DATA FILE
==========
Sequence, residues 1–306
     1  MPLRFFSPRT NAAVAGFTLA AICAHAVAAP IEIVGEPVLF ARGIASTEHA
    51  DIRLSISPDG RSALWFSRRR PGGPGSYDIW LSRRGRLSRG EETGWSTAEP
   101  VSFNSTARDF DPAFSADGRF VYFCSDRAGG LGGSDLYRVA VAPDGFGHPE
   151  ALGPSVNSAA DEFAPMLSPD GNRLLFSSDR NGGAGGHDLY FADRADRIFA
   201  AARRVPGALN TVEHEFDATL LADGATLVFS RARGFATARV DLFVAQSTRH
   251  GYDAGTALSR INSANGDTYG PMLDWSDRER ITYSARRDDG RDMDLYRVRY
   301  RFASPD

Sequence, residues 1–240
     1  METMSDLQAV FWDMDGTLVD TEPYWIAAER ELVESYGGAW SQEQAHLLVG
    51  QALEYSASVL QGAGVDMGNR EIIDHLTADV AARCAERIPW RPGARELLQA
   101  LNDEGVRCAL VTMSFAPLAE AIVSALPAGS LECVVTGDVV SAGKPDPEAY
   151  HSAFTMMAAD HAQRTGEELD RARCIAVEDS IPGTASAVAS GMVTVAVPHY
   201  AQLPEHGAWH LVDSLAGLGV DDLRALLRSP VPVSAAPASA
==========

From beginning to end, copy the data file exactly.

Sequence, residues 1–306
     1  MPLRFFSPRT NAAVAGFTLA AICAHAVAAP IEIVGEPVLF ARGIASTEHA
    51  DIRLSISPDG RSALWFSRRR PGGPGSYDIW LSRRGRLSRG EETGWSTAEP
   101  VSFNSTARDF DPAFSADGRF VYFCSDRAGG LGGSDLYRVA VAPDGFGHPE
   151  ALGPSVNSAA DEFAPMLSPD GNRLLFSSDR NGGAGGHDLY FADRADRIFA
   201  AARRVPGALN TVEHEFDATL LADGATLVFS RARGFATARV DLFVAQSTRH
   251  GYDAGTALSR INSANGDTYG PMLDWSDRER ITYSARRDDG RDMDLYRVRY
   301  RFASPD

Sequence, residues 1–240
     1  METMSDLQAV FWDMDGTLVD TEPYWIAAER ELVESYGGAW SQEQAHLLVG
    51  QALEYSASVL QGAGVDMGNR EIIDHLTADV AARCAERIPW RPGARELLQA
   101  LNDEGVRCAL VTMSFAPLAE AIVSALPAGS LECVVTGDVV SAGKPDPEAY
   151  HSAFTMMAAD HAQRTGEELD RARCIAVEDS IPGTASAVAS GMVTVAVPHY
   201  AQLPEHGAWH LVDSLAGLGV DDLRALLRSP VPVSAAPASA